I have debated on whether or not I publicly wanted to declare that I am suffering with postpartum depression, and have since decided that it would be more therapeutic and healing for me to write about it, then to put effort into concealing it.
I have been on a long and exhausting journey, and I wish I could say I have reached my destination but the reality is, I am still on the road to recovery. I don’t know when I will feel comfortable writing about my experience from start to finish, but today I wanted to reveal my very first encounter with a psychiatrist when I first started treatment. This doctor was horrible, and I’m not just saying that because I am “ill” or because she told me things I didn’t want to hear; I’m saying that because she had no clue about postpartum depression and was less than qualified to do her job. To any woman who has attempted to get care and been treated this way, I am sorry. I am sorry that our system failed you. I am sorry that you may have even given up seeking treatment because of a bad experience. I am sorry that mental health care professionals carry stigmas against their own patients. I know; I experienced it.
I remember walking into her office, alone, afraid, and completely vulnerable. Her space was the epitome of a psyche ward: cold pale tile floors, white walls with various dents and scratches, and bright fluorescent lights that occasionally flickered. As I explained my symptoms she interrupted me and in a very brash tone assumed “This is your first baby, huh?” I remember being taken aback that I would A) be interrupted just as I am bearing my soul and B) to have an assumption made about me by some one who had only known me for a total of 3 grand minutes. “No,” I replied, “This is my second child, which is why I didn’t expect–” Interrupting again, she just couldn’t hold back her surprise at being so painfully wrong. “Second child? That is very unusual. Are you sure you weren’t depressed with your first? It isn’t common to have depression with your second child and not your first.” And that’s when it hit me, I wasn’t going to receive a fair assessment and this doctor was going to do every thing possible, even imagine a history of depression in me, in order to make my illness fit her perception of what Postpartum Depression looks like.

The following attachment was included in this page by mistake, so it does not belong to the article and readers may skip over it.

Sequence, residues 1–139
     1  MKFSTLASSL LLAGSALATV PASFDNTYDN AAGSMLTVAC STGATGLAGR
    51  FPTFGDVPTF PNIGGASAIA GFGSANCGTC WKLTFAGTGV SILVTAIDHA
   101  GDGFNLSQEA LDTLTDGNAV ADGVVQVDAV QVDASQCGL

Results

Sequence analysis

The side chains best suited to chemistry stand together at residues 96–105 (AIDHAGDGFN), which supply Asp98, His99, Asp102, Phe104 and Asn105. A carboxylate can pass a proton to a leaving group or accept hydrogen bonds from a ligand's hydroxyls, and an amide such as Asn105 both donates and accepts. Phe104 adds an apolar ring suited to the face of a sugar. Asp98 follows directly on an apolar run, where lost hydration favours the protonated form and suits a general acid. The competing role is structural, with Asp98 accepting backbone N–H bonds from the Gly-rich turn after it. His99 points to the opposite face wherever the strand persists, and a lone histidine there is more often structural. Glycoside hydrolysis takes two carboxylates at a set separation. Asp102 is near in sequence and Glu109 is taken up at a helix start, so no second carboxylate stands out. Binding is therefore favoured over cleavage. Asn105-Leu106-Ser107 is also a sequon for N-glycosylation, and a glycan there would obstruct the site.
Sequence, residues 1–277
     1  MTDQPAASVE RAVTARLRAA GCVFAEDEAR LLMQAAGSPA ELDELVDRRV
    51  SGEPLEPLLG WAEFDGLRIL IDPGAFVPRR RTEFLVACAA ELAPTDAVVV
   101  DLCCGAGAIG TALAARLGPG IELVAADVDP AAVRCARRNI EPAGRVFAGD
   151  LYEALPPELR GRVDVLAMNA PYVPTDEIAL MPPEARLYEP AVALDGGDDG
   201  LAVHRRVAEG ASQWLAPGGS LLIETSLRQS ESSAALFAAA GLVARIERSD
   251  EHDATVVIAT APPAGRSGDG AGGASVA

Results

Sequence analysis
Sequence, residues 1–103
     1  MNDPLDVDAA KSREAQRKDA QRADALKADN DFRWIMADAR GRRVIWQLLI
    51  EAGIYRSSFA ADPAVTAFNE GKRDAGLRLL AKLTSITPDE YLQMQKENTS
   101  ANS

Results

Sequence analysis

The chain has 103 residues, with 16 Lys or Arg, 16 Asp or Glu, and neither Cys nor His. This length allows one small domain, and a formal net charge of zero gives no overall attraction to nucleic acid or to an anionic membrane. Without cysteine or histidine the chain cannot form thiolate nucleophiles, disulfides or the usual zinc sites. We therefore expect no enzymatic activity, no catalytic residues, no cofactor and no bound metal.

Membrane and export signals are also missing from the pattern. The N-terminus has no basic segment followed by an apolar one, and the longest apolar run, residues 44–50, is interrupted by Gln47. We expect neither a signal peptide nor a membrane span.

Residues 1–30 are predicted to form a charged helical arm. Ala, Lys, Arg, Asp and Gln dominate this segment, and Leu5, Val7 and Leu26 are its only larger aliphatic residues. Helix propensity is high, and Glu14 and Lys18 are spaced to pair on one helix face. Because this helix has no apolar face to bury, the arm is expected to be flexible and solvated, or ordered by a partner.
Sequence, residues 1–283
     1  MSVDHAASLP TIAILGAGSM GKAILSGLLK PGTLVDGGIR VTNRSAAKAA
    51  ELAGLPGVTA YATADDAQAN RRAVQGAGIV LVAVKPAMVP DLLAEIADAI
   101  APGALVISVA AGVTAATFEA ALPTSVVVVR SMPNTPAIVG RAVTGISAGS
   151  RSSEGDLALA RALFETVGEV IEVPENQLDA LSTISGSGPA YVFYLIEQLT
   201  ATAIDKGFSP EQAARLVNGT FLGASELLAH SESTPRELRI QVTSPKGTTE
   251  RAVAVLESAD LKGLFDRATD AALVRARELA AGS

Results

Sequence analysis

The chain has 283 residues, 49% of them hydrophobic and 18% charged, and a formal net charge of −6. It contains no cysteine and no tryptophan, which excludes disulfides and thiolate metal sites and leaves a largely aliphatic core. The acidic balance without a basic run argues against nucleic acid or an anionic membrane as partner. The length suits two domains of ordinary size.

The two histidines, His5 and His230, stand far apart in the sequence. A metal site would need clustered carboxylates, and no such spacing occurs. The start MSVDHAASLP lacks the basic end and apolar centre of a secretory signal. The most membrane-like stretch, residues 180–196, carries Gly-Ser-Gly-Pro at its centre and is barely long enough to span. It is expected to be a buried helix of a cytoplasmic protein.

When I thought it couldn’t get any worse, she ended our appointment by asking me, “Do you want to have any more children?” I told her, “Yes, my husband and I would like to have a large family some day.” With a cold, domineering expression she said, “You may want to reconsider. I would probably stop having children in your situation.”
In a society where it is a CARDINAL SIN to tell a woman what she can and can’t do with her body, an incompetent doctor who had assessed me for only 20 minutes decided I should never procreate ever again. This was my first experience receiving psychiatric care for my postpartum depression. Perhaps to some it sounds dramatic, but I am completely serious when I say that the care I received was criminal. It amplified my symptoms of feeling like a failure, feeling guilty, feeling crazy…
I have since found a therapist who specializes in Postpartum Depression, who cried when I told her of this account. She is the one who made me feel human again. She is the one who gave me hope that I could get better and go on to be an amazing, wonderful, loving mother [to even MORE children, if I wish!]
If you are struggling with this horrible, awful illness I want you to know 3 things: You are not alone, it is NOT your fault, and with the appropriate care you can get better. For great resources and tools to help you find a specialist, visit http://www.postpartum.net/